That sounds so typical for current day wedding photography. Some untrained idiot who calls themselves "pros". To a point, the disposables would be more useful if the money was saved for the honeymoon. Half the time, while I'm shooting, some half drunk, stumbling fool will wander right in the middle of my shot and pop off a few frames with their finger in front of the lens. The only thing they did was delay what was going on for a few more minutes.
I've shot a ton of weddings, and for those who use the excuse "they bring a camera to shoot where I can't be", I have to say: DO THAT. I always wonder why they say that, but when the shooting starts, they seem to always be within 10 feet of my position at any given time.
I don't mind if guests shoot, except during formals (I give the guests 15 minutes to do their shooting, while I go smoke a cigarettte, then I ask the non-essential people to head towards the reception so I can get the group shots done) Somehow, the guy who told me that he's only shooting things I'm not seems to be next to me, but he never got into a single picture. Hmmm.
I'm not complaining that he's going to take my money or break my sales...he won't. My brides and grooms want me to build them a storybook album that will lasts years to come and they never have wanted me to press-fit some of Uncle Bob's pics from Wally-world in there.
NOW, wanna hear about the videographer? First, I do shoot video, but not for weddings. And, I use a betacam SP and a Sony MV. No, NOT DV, MV. But, the videographer is the most disrespectful people I have run into at any wedding. There has only been one occasion where I have had a videographer come up, introduce himself, and ask if his lighting would interfere with something I'm doing.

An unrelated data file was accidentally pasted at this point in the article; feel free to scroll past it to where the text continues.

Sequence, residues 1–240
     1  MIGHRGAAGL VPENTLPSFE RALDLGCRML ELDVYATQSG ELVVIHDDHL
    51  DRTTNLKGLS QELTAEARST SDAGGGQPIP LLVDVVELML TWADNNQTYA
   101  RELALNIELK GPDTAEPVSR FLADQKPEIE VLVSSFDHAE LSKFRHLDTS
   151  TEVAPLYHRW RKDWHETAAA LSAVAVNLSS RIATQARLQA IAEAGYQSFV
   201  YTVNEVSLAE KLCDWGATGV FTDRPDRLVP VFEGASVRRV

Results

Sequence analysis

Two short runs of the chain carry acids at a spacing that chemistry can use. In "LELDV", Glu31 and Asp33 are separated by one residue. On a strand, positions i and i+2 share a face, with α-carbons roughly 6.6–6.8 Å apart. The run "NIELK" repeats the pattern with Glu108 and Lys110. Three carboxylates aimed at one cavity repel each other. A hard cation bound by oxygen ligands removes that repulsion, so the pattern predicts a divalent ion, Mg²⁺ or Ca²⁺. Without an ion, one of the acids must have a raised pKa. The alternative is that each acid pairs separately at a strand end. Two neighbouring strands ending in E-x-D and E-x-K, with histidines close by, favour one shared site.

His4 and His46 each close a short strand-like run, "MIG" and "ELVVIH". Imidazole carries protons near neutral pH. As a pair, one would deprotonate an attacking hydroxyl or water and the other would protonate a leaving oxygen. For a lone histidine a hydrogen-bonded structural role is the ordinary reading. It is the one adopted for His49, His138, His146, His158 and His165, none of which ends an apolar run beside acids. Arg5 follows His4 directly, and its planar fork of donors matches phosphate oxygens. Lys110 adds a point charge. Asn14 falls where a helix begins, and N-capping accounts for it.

They walk out in front of my when I'm framed for a posed shot. What the hell does posing shots have to do with the video coverage? How would he like it if I lit the place with about 12,000WS of strobes and kept popping them during his shoot? Or, how would he like it if I decided to light my shots with a few Arri 14KW cans?
If it were a newscast, I could see. But it ISN'T a newscast. It's a damn wedding. I even had one guy give me his card which read " (name omitted), VideoTOgrapher" They idiot kept shooting his 1.3MP still mode on his Canon during my shots with his pop-up flash. He told me, "if you could give me the negs, I'd scan them up and put the images onto the video CD in a collage for the couple. I always offer them that." What? WHAT? He shot very little video. And when I told him that was ludicrous and asked the couple about it, they freaked. This was a $7,000 job. The videoTOgrapher was charging the couple for the video at $2,500. He ended up only giving the couple a 23 minute video. He explained it to them as "the photogs always give me their negs so I can use their footage." Why should he profit off my 13 hours of work? He was only there for 2 hours.
The one wedding where the videographer was a true professional had a few Arri 2.5K lights and lit the room nicely. He also consulted with me on the lighting beforehand, offered to leave his lights and stands up for my shoot, and even helped me set up my strobes. The guy actually showed up with a light meter. I have not ever seen a videographer show up with that. He had softboxes and lanterns (Chimera) to light the room evenly. He had a Pro-DV camera and 2 SVHS cameras for side footage. He had assitants. Etc. HE WAS A PRO.